John Russell has had quite an interesting few years. Like many archaeologists who excavated in Iraq during Saddam Hussein's Baathist regime, Russell was very critical of UN Sanctions and US Policy. His activism included a visit to Iraq in 2001 to attend a conference on the "Birth of Writing" that seemed to be designed as much as a propaganda effort to help break international sanctions as anything else. More about this conference can be found in an earlier posting on this blog: http://culturalpropertyobserver.blogspot.com/2008/04/tarik-aziz-goes-on-trial-for-executions.html.
In any event, after the looting of the Iraq Museum, Russell was at the forefront of criticising the US Government's efforts at protecting Iraqi cultural property, particularly from early Mesopotamian cultures. His activism included lobbying the US Congress to pass a bill that ultimately became "the Emergency Protection for Iraqi Cultural Antiquities Act of 2004." See http://www.house.gov/english/press_2003_2004/iraq.html.
As part of this lobbying effort, on June 15, 2003, the Washington Post published an op-ed piece Russell authored entitled, “"We're Still Missing the Looting Picture.” In that piece, Russell at least impliedly accused US dealers and collectors of wanting to buy looted Iraqi materials. I suspect he may have been even more harsh in his criticisms of US Museums, collectors and dealers in private meetings with members of Congress and their staffs. Certainly, there is reason to believe that Russell adheres to the view, common in archaeological circles, that any artifact without a demonstrable provenance should be deemed "stolen" as a legal matter.
That said, Russell also showed his personal commitment to protecting Iraq's heritage by travelling to the country to serve as Senior Advisor to the Coalition Provisional Authority ("CPA") and the Ministry of Culture in Iraq. Subsequently, Russell returned to the United States and in August 2005 was named "Special Coordinator for Iraqi Cultural Heritage" in the Bureau of Educational and Cultural Affairs ("ECA"), Cultural Heritage Center, US Department of State. I have reason to believe he holds this same (or a similar) post with the Department of State today. He certainly identified himself as a State Department employee to me as recently as July 2007.
How Russell was transformed from a harsh critic of US policy willing to buck international sanctions on Iraq to a State Department employee is no doubt an interesting story in itself, but beyond the scope of this blog. Instead, what is relevant here is what this transformation potentially says about how ECA handles cultural property matters. While one can't help but admire Russell's strong commitment to his own beliefs, in my opinion, it would be an inherent conflict of interest for Russell to have anything at all to do with the recent decision to impose "emergency restrictions" on Iraqi cultural property. After all, he was one of the few individuals instrumental in lobbying Congress for its passage! How can anyone reasonably expect he would want anything but the broadest application of import restrictions possible?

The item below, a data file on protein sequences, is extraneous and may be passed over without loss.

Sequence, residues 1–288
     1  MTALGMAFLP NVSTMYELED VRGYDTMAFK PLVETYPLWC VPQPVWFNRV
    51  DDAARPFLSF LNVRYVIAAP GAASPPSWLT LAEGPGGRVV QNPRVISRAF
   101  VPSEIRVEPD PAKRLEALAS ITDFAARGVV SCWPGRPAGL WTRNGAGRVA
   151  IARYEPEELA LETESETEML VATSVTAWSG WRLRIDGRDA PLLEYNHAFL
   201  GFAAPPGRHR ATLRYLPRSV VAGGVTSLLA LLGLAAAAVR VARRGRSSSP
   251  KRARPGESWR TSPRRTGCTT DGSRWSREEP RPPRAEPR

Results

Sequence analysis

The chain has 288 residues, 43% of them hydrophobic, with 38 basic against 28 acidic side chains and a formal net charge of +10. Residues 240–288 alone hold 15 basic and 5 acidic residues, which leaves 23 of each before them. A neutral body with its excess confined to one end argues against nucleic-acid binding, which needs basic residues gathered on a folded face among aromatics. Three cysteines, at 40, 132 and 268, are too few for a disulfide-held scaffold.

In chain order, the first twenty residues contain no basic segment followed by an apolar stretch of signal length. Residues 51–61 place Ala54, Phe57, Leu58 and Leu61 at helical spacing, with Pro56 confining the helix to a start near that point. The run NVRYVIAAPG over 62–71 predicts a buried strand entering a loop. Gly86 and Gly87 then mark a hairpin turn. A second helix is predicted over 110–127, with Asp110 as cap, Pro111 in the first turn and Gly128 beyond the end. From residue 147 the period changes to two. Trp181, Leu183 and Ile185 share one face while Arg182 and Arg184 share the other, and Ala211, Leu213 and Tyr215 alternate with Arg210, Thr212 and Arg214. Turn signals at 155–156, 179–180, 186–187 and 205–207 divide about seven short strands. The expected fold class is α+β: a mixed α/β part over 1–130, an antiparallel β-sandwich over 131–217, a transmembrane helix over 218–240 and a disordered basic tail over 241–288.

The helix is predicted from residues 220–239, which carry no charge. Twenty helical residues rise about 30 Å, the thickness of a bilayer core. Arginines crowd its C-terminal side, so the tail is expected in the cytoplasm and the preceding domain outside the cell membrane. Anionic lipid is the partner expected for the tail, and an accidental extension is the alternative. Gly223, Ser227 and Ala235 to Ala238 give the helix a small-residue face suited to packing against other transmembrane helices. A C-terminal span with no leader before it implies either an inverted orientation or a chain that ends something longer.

Wouldn't ECA ecognize such a conflict of interest and recuse Russell from such work? Don't bet on it. For example, recently the State Department refused to recuse a CPAC member who excavates in Cyprus (and hence must be licensed by Cypriot authorities) from voting on the renewal of import restrictions on Cypriot artifacts.
In my opinion, the infiltration of archaeologists who consider any artifact without a demonstrable provenance to be "stolen" into the decision making framework at State is one of the major problems with the way ECA handles its brief of overseeing the imposition of import restrictions. Moreover, while ECA's staff appears to place a premium on the views of archaeologists and the countries in which they excavate, in constrast, the views of museums, collectors and dealers appear to be discounted as being motivated by financial considerations or even "greed." No wonder the "end" of "cultural property protection" justifies the "means" of violating the provisions of the CPIA and its goal of achieving a balance of all legitimate interests (including those of museums, dealers and collectors) with impunity.